In July 1985 the district court approved the modified 1985 Plan. The government appeals the district court's order approving the modified 1985 Plan.
In a railroad reorganization the district court sits as a court of equity in approving a plan of reorganization and ruling on the plan's treatment of creditors' claims. In re Boston & Maine Corp., 719 F.2d 493, 495 (1st Cir. 1983), cert. denied, 466 U.S. 938, 104 S. Ct. 1913, 80 L. Ed. 2d 461 (1984). The district court can approve a plan of reorganization only if the plan is "fair and equitable" and provides for equal treatment among creditors. 11 U.S.C. § 205(e) (1976) (repealed 1978). Review of the district court's determination that a particular reorganization plan is fair and equitable is governed by an "extremely limited standard of review." In re Chicago Pacific Corp., 773 F.2d 909, 916 (7th Cir. 1985). That limited standard of review is similar to the abuse of discretion standard of review. As the Supreme Court has explained:
We are not performing the functions of the District Court under § 77 (e). Our role on review is a limited one. It is not enough to reverse the District Court that we might have appraised the facts somewhat differently. If there is warrant for the action of the District Court, our task on review is at an end.
Group of Institutional Investors v. Chicago, Milwaukee, St. Paul & Pacific Railroad, 318 U.S. 523, 564, 87 L. Ed. 959, 63 S. Ct. 727 (1943).
The first issue the government raises is that it is entitled to a statutory rate of interest on its tax claim, as provided in the Internal Revenue Code, instead of the 7.5/8.5 percent rate set out in the plan of reorganization, as provided in the Bankruptcy Act.*fn4 Initially this seems to raise a direct conflict between two statutory schemes. One scheme, the Internal Revenue Code, calls for interest to be applied to delinquent taxes at a statutory rate closely tied to the prime rate. The other scheme, the Bankruptcy Act, calls for the district court to select an interest rate that is fair and equitable. If this was merely a question of which of two relevant statutory schemes was applicable, then the district court would have applied one instead of the other as a matter of law. We would have reviewed such a decision de novo. But this case did not arise in a vacuum. It is not primarily a tax case in which the Railroad is seeking to pay an equitable and fair rate of interest instead of the statutory rate. Rather, this case is a railroad reorganization. All railroad reorganizations are governed by the fair and equitable rate mandated by the Bankruptcy Act. Determining a fair and equitable rate of interest to be applied in a particular reorganization is left to the broad discretion of the reorganization court. We will affirm the rate of interest set by the reorganization court if we conclude that the court did not abuse its discretion in setting the rate.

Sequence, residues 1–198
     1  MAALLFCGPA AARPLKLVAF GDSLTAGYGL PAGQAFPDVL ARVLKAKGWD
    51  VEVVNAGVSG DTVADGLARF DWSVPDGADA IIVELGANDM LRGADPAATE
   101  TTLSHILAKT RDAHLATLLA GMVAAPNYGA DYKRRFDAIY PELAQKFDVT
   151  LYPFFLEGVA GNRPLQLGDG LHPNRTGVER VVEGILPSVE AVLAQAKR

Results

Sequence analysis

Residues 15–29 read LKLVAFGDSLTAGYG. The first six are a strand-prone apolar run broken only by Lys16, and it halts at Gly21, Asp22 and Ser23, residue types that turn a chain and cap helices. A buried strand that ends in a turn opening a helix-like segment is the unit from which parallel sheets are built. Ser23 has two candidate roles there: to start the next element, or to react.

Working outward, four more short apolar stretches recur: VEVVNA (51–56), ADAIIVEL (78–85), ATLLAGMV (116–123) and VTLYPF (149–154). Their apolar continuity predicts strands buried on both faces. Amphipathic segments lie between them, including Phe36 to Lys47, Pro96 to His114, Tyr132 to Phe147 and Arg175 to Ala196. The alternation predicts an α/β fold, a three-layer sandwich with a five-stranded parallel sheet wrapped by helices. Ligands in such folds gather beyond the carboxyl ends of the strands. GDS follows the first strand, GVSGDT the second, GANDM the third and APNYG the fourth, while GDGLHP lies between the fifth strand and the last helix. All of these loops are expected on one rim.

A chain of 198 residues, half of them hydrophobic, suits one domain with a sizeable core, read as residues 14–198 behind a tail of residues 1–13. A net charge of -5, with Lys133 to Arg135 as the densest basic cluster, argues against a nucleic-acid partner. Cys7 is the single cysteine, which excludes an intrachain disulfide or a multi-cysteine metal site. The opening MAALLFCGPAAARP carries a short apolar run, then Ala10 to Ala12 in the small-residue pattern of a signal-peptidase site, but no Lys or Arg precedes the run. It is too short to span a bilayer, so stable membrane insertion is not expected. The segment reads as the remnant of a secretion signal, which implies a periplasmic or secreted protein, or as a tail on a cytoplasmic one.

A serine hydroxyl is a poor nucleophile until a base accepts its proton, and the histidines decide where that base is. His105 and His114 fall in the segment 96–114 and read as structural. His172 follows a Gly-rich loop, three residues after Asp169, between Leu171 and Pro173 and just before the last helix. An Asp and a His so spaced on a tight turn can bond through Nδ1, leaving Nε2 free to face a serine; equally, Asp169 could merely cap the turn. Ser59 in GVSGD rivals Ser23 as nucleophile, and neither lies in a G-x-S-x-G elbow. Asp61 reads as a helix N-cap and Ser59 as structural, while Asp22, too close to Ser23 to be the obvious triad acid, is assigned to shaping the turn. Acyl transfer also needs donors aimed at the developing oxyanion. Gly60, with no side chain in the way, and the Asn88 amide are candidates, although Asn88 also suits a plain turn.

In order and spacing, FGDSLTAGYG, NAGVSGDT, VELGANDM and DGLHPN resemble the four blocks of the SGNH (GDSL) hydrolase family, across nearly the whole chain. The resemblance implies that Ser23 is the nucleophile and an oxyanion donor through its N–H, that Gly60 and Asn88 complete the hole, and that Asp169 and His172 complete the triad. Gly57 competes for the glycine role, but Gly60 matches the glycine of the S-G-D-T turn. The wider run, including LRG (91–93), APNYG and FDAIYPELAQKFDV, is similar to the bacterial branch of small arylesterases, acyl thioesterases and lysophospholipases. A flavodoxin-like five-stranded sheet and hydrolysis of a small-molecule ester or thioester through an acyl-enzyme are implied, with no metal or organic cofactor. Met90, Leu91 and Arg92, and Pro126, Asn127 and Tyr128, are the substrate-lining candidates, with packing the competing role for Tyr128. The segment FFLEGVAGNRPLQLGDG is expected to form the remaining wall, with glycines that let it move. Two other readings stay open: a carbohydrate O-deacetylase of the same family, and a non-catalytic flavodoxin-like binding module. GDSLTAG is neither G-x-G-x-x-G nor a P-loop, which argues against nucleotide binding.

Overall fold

The government concedes that the fair and equitable standard of the Bankruptcy Act governs the selection of an appropriate interest rate in this reorganization.*fn5 The government also recognizes that the district court's selection of a particular rate of interest is subject to the abuse of discretion standard of review. But the government argues that the only fair and equitable rate that can be applied to its tax claim is one that affords it full compensatory treatment. Because the Internal Revenue Code sets out specifically a statutory rate of interest, the government contends it is entitled to that rate to ensure that the government receives full compensation on its tax claim. The government argues that what is fair for all the other creditors in these circumstances is not fair for it, as the government is entitled to its claim in full. The government's position could also have some adverse impact on what has been found to be fair for all the other ...